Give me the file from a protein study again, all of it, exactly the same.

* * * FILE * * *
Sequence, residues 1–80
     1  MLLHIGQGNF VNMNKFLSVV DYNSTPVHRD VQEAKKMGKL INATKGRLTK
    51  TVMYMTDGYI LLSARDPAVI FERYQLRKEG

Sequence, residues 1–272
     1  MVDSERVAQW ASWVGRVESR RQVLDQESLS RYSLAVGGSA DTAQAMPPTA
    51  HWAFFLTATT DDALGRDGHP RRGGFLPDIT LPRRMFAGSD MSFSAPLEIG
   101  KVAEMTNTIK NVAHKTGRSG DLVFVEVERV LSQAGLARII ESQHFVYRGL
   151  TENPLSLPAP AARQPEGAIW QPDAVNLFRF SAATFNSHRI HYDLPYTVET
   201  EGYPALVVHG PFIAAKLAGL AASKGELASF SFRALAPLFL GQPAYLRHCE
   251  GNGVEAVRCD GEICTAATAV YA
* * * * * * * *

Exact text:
Sequence, residues 1–80
     1  MLLHIGQGNF VNMNKFLSVV DYNSTPVHRD VQEAKKMGKL INATKGRLTK
    51  TVMYMTDGYI LLSARDPAVI FERYQLRKEG

Sequence, residues 1–272
     1  MVDSERVAQW ASWVGRVESR RQVLDQESLS RYSLAVGGSA DTAQAMPPTA
    51  HWAFFLTATT DDALGRDGHP RRGGFLPDIT LPRRMFAGSD MSFSAPLEIG
   101  KVAEMTNTIK NVAHKTGRSG DLVFVEVERV LSQAGLARII ESQHFVYRGL
   151  TENPLSLPAP AARQPEGAIW QPDAVNLFRF SAATFNSHRI HYDLPYTVET
   201  EGYPALVVHG PFIAAKLAGL AASKGELASF SFRALAPLFL GQPAYLRHCE
   251  GNGVEAVRCD GEICTAATAV YA